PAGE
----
Wellington Zoo is home to two Black and White Ruffed Lemurs, father and son, Lucky and Ankari.
Lemurs are very vocal animals which use a lot of different calls to communicate. You might hear them making an alarm call to alert each other to danger, displaying their dominance, or simply saying hello.
Lucky looking out from up in the trees
Ankari, the son, is very inquisitive and gentle. His favourite treat is grapes and when he is eating them he will tilt his head back to make sure he doesn’t lose any of the juice from the fruit.
Lucky and Ankari, like all Lemurs, are expert climbers. At Wellington Zoo the Keepers will sometimes suspend fruit and other treats from the ropes in their habitat – the Lemurs love this little game and it is a great enrichment tool for them as it encourages natural foraging behaviours.
Another special treat that the Wellington Zoo Lemurs get is the nectar of Pohutakawa tree flowers! This is definitely not something that they have access to in their native home in the rainforests of Madagascar. Luckily for Black and White Ruffed Lemurs, they are the only animals on Madagascar which are strong enough to open the flowers of the Travellers Palm. This gives them a good food source, and also makes them the only animal which is able to pollinate them.
A Travellers Palm. Photo: Wikipedia
Because of the way that Black and White Ruffed Lemurs feed on these impressive plants and the physiological adaptions required to do so, it is believed that this relationship has coevolved. They use their long tongues and muzzles to lick the nectar from deep within the flowers, transferring pollen from plant to plant on their snouts and fur.
Notice the thick fur around Lucky’s neck – this collects pollen whilst feeding
Black and White Ruffed Lemurs are very important to the biodiversity of Madagascar. As well as pollinating the Travellers Palm, they also spread the seeds of fruit they eat throughout the rainforest, helping to ensure new plant growth and a healthy ecosystem.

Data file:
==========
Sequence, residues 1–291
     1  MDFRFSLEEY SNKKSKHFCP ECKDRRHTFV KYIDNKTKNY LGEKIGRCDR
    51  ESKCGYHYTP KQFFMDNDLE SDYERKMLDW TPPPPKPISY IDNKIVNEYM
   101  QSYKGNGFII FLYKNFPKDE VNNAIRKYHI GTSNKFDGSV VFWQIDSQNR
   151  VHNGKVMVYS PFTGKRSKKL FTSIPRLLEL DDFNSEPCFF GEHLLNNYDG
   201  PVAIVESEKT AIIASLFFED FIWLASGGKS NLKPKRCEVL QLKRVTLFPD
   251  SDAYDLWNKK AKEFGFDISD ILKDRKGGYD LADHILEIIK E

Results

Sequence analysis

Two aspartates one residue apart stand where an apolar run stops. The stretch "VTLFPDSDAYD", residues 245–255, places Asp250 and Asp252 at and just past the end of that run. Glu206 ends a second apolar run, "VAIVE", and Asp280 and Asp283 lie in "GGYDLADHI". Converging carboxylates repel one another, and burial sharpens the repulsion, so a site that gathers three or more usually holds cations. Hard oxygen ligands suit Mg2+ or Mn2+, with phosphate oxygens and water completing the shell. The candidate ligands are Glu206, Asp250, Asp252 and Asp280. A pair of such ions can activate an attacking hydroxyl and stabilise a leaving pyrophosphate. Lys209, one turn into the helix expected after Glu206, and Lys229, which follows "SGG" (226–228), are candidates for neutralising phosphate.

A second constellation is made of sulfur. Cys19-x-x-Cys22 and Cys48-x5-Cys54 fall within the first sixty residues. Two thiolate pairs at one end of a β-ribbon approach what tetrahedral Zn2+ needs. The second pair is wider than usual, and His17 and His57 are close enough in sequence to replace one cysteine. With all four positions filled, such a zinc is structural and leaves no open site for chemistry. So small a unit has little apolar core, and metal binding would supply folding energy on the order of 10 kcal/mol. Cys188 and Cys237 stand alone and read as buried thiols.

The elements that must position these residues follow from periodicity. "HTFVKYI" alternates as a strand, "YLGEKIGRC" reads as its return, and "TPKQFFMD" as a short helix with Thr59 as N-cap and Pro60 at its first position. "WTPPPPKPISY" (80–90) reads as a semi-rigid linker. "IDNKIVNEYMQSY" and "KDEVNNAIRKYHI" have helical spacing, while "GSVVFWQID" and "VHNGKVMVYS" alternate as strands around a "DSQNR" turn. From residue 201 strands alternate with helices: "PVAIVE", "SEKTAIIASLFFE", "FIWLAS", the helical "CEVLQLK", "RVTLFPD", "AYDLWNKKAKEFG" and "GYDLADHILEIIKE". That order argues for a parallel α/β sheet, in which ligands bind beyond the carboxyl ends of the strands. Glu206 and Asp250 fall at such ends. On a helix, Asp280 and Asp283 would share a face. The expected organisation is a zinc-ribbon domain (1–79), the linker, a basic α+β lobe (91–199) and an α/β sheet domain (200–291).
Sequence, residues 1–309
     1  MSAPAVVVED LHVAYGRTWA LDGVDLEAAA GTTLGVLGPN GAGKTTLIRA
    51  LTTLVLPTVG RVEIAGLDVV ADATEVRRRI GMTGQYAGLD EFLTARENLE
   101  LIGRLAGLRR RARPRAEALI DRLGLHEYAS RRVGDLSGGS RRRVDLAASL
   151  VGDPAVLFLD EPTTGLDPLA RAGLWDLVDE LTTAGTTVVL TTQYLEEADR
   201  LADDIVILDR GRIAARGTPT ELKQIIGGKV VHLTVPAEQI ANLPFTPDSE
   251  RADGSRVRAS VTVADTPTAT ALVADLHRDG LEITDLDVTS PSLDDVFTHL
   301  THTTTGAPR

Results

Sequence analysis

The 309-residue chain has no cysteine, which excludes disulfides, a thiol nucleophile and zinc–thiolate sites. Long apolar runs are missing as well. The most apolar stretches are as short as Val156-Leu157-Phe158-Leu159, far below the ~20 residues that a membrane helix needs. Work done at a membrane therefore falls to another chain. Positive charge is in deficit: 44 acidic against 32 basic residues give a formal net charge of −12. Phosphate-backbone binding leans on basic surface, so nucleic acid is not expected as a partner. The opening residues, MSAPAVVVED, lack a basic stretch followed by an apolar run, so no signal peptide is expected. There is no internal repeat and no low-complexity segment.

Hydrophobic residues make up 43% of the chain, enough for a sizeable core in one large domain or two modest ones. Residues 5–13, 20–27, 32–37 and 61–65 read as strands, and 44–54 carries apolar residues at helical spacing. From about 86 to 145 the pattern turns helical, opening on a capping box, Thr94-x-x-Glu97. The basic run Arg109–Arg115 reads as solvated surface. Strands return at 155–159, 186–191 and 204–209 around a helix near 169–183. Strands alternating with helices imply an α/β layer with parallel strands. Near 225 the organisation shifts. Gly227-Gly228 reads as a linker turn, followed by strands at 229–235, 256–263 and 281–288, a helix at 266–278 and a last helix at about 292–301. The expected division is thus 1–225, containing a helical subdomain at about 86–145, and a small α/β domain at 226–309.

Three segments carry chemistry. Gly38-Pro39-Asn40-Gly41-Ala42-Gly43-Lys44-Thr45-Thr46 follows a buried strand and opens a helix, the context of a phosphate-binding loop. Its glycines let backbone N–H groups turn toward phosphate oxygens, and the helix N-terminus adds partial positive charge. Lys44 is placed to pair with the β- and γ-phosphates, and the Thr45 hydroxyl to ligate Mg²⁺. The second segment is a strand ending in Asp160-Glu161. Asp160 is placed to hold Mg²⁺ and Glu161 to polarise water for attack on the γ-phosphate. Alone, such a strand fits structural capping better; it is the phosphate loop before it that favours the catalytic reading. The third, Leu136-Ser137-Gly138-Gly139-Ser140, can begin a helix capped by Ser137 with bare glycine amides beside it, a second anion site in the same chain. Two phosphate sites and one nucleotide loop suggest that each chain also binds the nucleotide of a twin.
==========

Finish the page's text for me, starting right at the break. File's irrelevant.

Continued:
Unfortunately these Lemurs are classified as critically endangered. As usual, this has come about through hunting and habitat loss through deforestation. This means that it is very important to look out for Forest Stewardship Council certified timber and paper products when you are making purchasing decisions. Another way of helping to protect wild Black and White Ruffed Lemurs is to book a Close Encounter with Lucky and Ankari at Wellington Zoo.
A map showing the wild range of Black-and White Ruffed Lemurs (Green) and their cousin the Red Ruffed Lemur (Red). Image: Wikipedia
The chance to sink your fingers into the softest fur at Wellington Zoo makes the Lemur Close Encounter special. The father and son Black and White Ruffed Lemurs will come down to your seat in their habitat and pluck grapes out of your hand while you get the chance to feel their stunning black and white coats. You might also get a show of the enormous noise that comes out of such a quiet looking animal.
Meeting Lucky at the Lemur Close Encounter
10% of the proceeds go to the Wellington Zoo Conservation Fund, which supports the Madagascar Flora and Fauna Group. The MFFG protects the rich biodiversity of Eastern Madagascar through conservation, research, education and capacity building.